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Keeping Time  

“Time to get up”, “Time to go to school”. Modern life is ruled by the calendar and the clock. You probably know what the time, day and month is at any moment. The first people didn’t keep track of time though. They hunted and worked during the day and slept at night. They didn’t have a calendar to track days, months and years, or a clock to track minutes and hours.

All about Keeping Time Easy Science for Kids - Image of a Pocket Watch Clock

All about Keeping Time Easy Science for Kids – Image of a Pocket Watch Clock

Sumerians settled in Mesopotamia, which is now Iraq, about 3,000 years B.C.E. The Sumerians were the first known people to read, write and keep records. From their clay tablets, we know that they kept a calendar based on the moon. The calendar had 30 days. Each day was divided into 12 periods, which were divided again into 30 parts. Soon, other civilizations developed methods for tracking time.

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Fun Facts About Keeping Time for Kids

  • One day describes the time it takes for the Earth to make a full rotation on its axis. The Babylonians measured one day from sunrise to sunset.
  • The Egyptians built great towers that cast shadows to tell the time. Later, sundials used the sun’s movement to track the passing of time during a day. If the day was cloudy, though, a sundial wouldn’t work.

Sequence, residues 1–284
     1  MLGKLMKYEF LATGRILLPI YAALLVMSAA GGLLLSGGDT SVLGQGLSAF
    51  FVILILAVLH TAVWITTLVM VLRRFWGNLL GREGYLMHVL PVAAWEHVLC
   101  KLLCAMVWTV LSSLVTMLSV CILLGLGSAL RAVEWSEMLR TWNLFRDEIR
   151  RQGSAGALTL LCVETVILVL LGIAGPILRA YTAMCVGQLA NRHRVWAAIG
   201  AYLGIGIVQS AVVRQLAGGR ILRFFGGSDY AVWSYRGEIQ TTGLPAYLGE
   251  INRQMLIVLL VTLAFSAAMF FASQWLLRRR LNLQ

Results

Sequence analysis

Fun Science for Kids on Keeping Time - the Southern-Hemisphere Sundial in Perth, Australia

Fun Science for Kids on Keeping Time – the Southern-Hemisphere Sundial in Perth, Australia

  • For hundreds of years, people used burning candles, dripping water – known as water clocks — or sifting sand to tell time’s passage. People still use sand clocks or hourglasses to keep time.
  • In the 14th century, Europeans developed basic clocks with springs and weights. These clocks sounded a bell every hour. Later, clock makers developed the hour and minute hands. These clocks were not very accurate.
  • Wristwatches were very popular for women for hundreds of years, while men carried pocket watches. Pocket watches fell out of favor during World War I. Soldiers couldn’t safely reach into their pockets to leisurely get a watch. They needed wristwatches too.
  • Today, people still wear wristwatches. Analog clocks have two hands. Digital clocks have only numbers. Most homes have both types of clocks, as well as clocks on the computer and cell phones. Even our cars have clocks.

Keeping Time Vocabulary

  1. Civilization: settlement of people
  2. Rotation: Circular movement
  3. Leisurely: slowly, casually

All About Keeping Time Video for Kids

Here’s the best kids Keeping Time video you can watch right now to learn more about how to read time:

Keeping Time Q&A

Question: Why is time keeping important?

Answer: Keeping time allows people to coordinate schedules and organize daily life. Without it, modern civilization would be chaotic. When would you go to the doctor? How would your soccer team know when to show up for practice?

 

Enjoyed the Geography for Kids all about Keeping Time info? Take the FREE & fun all about Keeping Time quiz and download FREE all about Keeping Time worksheet for kids. For lengthy info click here.

 

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Tobin, Declan. (2017). Fun Time Facts for Kids. Easy Science for Kids. Retrieved from http://easyscienceforkids.com/all-about-keeping-time/

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